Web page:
He put his tools in the canvas sack and lowered it down by the attached rope. To nobody. “Caleb! Where are you? I need a couple yards of plastic sheeting up here and a roll of duct tape. Caleb!”

The kid did not appear, so Johann carefully climbed down and got the plastic. He turned off the radio news; where’d they got Gerald Ford from anyway? “Caleb!” Where had he run off to? Nephew or not, the kid lacked any sense of responsibility and needed a haircut.

Cabin march 013The storm advanced fast. Johann strained his eyes through the window of his truck and solid sheets of water. Would the gravel road be washed out? When the time between the lightening and the thunder lengthened and the rain stopped but for a drizzle, Johann got out of the truck. “Caleb!” He walked along the gravel drive that divided the cabin from the deep woods. “Caleb, I’m serious, I got to get you dropped off and me home.” He wished he’d looked for footprints before they’d washed away.

He stepped into the viney jungle. The Viet Cong had his sister’s boy. Or had the green kid stumbled into a spiked pit? Or had a poisonous snake fallen on him from the trees? He looked up and saw no snakes. He studied the ground for wires, broken twigs, booby traps. He crept slowly, alert.

Movement. He crouched and riveted his attention on the source. He’d lost his weapon. He would tear a gook’s throat out by hand to save his nephew. He did have his field knife and tape on his utility belt. A deer looked around, didn’t see him and went on along its worn path. Johann had learned stealth the hard way, and had let his buddies down because of his clumsiness. Dead buddies. He crept with no noise, like an Indian.

He studied the narrow creek as he smeared mud on his face and bare arms. The creek did not appear to have been disturbed except for the deer, but it was hard to judge as the water ran muddy from the rain. Caleb’s voice, that way. He hurried as stealth would allow. Other voices. He’d guessed right the first time: Viet Cong. Cabin Vine tree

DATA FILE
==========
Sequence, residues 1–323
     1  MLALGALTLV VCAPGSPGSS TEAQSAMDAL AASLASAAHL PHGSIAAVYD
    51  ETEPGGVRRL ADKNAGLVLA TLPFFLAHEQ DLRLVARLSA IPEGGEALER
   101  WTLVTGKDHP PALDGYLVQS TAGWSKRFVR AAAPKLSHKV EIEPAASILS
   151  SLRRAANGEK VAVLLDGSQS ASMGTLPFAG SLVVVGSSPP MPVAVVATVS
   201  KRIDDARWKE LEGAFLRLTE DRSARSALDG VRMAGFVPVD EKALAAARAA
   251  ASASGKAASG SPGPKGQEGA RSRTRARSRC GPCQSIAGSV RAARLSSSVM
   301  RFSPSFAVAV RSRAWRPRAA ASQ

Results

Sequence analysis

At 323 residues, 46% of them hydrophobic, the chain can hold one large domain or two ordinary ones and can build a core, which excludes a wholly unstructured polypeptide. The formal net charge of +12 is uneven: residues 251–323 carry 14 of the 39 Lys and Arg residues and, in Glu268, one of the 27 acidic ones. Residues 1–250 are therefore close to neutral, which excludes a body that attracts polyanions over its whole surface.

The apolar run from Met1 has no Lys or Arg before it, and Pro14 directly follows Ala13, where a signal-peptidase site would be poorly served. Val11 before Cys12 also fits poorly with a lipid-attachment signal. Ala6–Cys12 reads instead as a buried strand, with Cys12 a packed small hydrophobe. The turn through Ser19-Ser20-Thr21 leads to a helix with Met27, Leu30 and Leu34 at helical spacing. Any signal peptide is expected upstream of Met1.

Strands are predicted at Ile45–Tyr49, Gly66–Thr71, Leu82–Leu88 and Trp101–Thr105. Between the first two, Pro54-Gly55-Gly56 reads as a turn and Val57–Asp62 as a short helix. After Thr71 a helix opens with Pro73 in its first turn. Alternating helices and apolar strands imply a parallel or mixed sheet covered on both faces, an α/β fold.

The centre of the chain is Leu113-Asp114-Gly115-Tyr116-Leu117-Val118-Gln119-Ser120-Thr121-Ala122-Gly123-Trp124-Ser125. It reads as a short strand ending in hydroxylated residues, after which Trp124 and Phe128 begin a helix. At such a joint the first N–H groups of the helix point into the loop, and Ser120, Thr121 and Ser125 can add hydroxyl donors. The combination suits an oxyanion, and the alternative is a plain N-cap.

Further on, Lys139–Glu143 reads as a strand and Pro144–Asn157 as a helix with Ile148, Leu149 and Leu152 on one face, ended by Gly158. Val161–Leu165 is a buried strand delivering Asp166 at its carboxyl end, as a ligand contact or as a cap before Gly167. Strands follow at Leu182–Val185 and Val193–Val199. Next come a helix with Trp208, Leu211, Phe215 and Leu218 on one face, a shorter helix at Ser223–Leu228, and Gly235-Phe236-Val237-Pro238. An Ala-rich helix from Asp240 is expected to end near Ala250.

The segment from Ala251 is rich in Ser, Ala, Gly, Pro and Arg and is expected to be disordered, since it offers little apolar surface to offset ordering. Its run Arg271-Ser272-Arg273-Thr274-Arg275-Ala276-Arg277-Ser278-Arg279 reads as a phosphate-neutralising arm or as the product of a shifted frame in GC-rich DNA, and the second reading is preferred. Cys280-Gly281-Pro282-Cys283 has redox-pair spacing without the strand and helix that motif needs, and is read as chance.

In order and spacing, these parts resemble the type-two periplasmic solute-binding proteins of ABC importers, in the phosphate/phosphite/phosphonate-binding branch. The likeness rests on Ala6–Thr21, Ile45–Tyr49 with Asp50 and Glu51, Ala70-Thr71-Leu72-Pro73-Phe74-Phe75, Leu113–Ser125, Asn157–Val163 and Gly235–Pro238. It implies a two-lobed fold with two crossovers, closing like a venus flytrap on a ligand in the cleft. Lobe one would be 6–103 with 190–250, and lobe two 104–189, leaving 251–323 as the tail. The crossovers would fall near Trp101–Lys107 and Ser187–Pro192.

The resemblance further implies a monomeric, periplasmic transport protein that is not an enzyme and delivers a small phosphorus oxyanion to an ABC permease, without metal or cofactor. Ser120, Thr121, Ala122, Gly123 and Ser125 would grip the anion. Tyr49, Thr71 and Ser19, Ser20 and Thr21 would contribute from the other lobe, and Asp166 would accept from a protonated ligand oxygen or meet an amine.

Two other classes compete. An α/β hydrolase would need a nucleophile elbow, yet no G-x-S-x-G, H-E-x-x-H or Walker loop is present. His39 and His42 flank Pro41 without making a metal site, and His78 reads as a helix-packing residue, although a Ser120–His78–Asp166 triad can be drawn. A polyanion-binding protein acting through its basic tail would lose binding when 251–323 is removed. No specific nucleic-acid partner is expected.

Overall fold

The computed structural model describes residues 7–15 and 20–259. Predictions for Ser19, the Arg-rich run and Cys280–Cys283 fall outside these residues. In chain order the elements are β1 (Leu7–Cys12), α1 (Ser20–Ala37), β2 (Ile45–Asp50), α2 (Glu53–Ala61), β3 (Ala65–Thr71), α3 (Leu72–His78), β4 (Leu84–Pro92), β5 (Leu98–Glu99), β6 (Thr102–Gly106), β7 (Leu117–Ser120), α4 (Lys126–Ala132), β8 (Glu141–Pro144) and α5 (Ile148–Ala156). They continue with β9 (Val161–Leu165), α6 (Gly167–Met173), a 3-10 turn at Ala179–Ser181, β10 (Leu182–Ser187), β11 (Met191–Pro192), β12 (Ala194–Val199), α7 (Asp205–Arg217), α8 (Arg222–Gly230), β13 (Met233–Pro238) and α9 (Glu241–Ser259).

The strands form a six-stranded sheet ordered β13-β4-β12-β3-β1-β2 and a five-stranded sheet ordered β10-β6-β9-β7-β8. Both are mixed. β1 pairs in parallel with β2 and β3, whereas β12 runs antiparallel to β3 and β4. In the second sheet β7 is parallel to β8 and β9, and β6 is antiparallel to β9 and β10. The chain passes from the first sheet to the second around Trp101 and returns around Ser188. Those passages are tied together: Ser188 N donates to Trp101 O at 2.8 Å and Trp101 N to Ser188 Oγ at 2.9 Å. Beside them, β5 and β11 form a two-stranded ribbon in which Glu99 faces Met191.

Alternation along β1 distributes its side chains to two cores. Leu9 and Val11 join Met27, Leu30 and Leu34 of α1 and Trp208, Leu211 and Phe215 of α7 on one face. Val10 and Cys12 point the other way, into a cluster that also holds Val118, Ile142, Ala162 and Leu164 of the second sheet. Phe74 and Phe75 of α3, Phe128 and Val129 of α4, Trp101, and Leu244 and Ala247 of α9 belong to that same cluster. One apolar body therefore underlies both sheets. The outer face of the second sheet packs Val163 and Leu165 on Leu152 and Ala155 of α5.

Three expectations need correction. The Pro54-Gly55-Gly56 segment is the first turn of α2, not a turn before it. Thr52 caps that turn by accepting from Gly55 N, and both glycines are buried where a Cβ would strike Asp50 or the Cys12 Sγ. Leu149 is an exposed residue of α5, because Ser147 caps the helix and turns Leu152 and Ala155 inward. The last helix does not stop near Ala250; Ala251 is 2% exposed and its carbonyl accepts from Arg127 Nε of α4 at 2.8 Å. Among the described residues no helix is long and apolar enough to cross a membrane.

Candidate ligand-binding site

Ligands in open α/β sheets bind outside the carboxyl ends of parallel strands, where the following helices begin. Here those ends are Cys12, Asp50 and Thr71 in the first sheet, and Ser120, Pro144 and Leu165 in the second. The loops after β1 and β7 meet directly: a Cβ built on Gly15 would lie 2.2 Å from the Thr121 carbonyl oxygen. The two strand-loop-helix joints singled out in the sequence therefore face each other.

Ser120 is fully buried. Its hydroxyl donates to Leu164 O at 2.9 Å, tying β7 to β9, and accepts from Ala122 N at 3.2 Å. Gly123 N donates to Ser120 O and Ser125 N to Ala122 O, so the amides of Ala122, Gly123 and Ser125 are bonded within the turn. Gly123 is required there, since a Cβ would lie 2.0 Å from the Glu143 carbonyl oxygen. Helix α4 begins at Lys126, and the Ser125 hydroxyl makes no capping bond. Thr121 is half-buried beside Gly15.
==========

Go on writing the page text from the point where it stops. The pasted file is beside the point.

Caleb sat on a folding stool as one gook stared him down. He appeared unharmed. Another walked around the maryjane patch as a lookout. The plants were doing well, starting to bud out. While the inept lookout strolled the far side, Johann collected some pliable vines and stuck his foot out to braid them into a rope. He coiled that one and finished a second one before the guy got close.

The perimeter wire was obvious. Johann yanked the guy over the wire, threw him down, hogtied and silenced him with duct tape, you always carry duct tape, and taped him to a tree while the one by Caleb shouted loud enough to hear in Saigon. Johann took the opportunity to scurry around behind him. He popped a loop of rope over the gook’s head and yanked as he disarmed him of the shotgun. “Any more of you creeps? Huh? Any more of you?”

Johann motioned for Caleb to take the weapon. Johann had his adversary tied and taped into a fetal bundle in no time.

“Uncle Johann, they were just some guys growing pot in the woods. You didn’t kill anybody, did you?”

“Oh no. The CIA wants us to keep a few for interrogation.” He folded a buddy tab on the much diminished roll of tape and hung it back on his belt.

“Ah, okay.” Caleb put his pinkie to his mouth and thumb to his ear. “I gotta go to the main road to find a phone. I’ll call in a pick-up, okay?”

“Roger that. See that perimeter wire? Watch out for booby traps, kid.” As the boy left, he crouched with his back to a big tree, watching, and listening for the helicopter.


At the Oasis Hotel

“All I can say is this hotel will drop a star for lack of train access.”

“Dear, you knew that when you booked these rooms. I think the staff had been exceptionally polite and had a marvelous selection of fruits.”

“Fruits schmoots, they didn’t have fresh figs.”

“You never eat them at home, even when they’re in season. Have you seen my sunglasses?”

Vera turned at the knock on the door nearest the elevator. “Dani, can’t you get the door? That must be the van driver; be sure to tell him he’s late.”

Dani drifted in the opposite direction as if sleep walking.

“Oblivious, I don’t know what I’m going to do with that girl.” Vera slapped the door panel and frowned at the man who should have been the driver. “Yes?”

“Good afternoon madam.” He took one step sideways to reveal a furry white seal sprinkled with gray flecks that had the most adorably large and liquid eyes. “This beast is disturbing the other guests.”